One of the main things that strikes you while you’re there, whether inside the place or out, is the quiet. It is just completely quiet. That is true for a lot of places in Ireland… if you want to get away from the noise… come to Ireland. It’s quiet. Ssshh. I’m typing too loud!
After depositing our bags, we got back on the road to drive what’s called “The Ring of Kerry,” which is largely a sightseeing tour that includes the coast and a series of small towns and some ruins and such. The Ring of Kerry drive is included in the slideshow below that consists largely of the various sights we saw while driving.
The next day we drove to the quaint fishing village of Kinsale, which gets its own slide show below. We also visited Fort Charles, which gets its own slide show as well, and looks like this from the air. It took me fifty-five tries throwing my camera up as high as I could with the timer on to get this picture, so I’m rightfully proud of it.
After Kinsale and Fort Charles, we headed up toward Cork, and noticed some signs to Blarney. Blarney hadn’t been on our itinerary for this trip only because we are still geographically challenged, and, to be honest, its current reputation moved it down our to-do list some. The Blarney Castle and Blarney Stone’s reputations have suffered as a result of the “kissing of the stone” being a bit silly and overblown, which is true. In Rick Steve’s book on Ireland, he even downplays the castle saying it’s underwhelming and just barren inside. On that, we couldn’t disagree more. The grounds were beautiful, but the castle itself was a wonder to behold and walk inside.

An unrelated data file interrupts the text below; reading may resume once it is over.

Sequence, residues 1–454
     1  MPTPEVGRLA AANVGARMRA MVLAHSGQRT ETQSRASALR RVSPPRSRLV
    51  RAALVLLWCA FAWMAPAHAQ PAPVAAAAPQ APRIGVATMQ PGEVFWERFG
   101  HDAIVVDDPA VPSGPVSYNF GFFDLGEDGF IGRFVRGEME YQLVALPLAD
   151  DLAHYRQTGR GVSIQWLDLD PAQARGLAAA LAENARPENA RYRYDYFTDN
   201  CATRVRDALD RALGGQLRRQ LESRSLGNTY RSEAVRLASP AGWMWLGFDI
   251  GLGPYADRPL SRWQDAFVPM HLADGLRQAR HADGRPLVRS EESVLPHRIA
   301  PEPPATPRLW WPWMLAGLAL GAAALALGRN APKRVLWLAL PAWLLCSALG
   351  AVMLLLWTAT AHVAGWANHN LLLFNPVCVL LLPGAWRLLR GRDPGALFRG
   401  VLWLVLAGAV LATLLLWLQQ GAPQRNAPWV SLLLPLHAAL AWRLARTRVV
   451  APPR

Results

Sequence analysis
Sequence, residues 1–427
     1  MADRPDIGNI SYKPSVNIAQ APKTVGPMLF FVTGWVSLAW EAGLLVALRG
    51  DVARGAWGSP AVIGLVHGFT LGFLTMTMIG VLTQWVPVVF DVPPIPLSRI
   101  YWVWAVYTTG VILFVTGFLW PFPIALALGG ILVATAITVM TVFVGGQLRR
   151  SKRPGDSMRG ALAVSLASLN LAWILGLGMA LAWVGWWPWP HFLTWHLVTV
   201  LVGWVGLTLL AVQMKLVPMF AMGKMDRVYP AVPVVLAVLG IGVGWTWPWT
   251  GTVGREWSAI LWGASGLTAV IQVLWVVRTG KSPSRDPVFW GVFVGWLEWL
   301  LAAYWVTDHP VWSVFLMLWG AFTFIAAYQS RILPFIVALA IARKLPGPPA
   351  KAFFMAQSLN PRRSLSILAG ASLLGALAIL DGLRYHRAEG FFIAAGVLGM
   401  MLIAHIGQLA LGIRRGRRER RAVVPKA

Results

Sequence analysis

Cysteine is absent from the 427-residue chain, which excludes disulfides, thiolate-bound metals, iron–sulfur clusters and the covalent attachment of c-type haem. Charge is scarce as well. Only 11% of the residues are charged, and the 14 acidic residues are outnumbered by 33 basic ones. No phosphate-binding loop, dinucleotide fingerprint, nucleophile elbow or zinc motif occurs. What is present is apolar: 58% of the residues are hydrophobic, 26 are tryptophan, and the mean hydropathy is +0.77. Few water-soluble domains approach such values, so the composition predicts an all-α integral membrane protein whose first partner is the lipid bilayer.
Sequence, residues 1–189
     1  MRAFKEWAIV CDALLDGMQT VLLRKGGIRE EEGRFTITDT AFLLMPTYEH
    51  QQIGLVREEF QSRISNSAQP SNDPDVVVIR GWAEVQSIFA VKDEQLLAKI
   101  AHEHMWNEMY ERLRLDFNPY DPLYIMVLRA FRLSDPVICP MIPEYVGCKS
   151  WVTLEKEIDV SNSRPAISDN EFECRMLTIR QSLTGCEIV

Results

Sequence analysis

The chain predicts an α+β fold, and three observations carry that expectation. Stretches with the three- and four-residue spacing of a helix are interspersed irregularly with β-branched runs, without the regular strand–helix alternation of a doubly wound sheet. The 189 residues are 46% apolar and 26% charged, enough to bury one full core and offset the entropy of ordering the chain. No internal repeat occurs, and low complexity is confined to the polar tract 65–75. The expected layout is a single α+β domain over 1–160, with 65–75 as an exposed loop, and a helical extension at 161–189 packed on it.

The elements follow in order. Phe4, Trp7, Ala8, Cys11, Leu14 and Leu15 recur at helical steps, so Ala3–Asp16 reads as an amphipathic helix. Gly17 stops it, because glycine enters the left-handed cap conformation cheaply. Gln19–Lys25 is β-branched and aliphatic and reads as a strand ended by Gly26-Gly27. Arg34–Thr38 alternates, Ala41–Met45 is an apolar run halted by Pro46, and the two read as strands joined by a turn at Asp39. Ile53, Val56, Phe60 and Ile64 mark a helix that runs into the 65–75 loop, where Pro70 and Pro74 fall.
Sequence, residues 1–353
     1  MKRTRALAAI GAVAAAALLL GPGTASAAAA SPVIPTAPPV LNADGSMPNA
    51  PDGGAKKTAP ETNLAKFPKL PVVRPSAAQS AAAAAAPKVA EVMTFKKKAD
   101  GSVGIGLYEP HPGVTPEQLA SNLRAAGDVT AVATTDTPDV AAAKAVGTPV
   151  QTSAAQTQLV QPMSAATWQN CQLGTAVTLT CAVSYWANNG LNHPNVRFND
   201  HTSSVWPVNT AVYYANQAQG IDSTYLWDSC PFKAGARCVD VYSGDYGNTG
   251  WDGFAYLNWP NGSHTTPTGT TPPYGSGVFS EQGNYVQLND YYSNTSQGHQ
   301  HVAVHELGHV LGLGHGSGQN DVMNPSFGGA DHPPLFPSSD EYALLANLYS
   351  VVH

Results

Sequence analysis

Indeed, Blarney gets its own slide show and individual pictures with comments.
Unfortunately, I couldn’t get an overhead shot of the castle out of fear that they’d mistake my hurled camera for a drone and shoot it out of the sky.
Here’s the site that greets you after you walk past the entry. It’s quite imposing and impressive. The castle, not us.
Once inside, walking up this very narrow staircase is not for the faint of heart.
A little known fact is that the early Irish invented the plastic skylight.
This is where you lay down to put your head under the wall to kiss the Blarney stone.
Here’s a man, not me, who is doing it. There is absolutely no risk, other than if you’re too old to get back up off your back. But kissing a stone that has been touched by the lips of thousands upon thousands of people before us? Ick.
But here’s the main reason I especially didn’t want Carolyn to kiss it. With the gift of gab she already has, if the myth were true, she might never again, in her entire life, ever stop talking.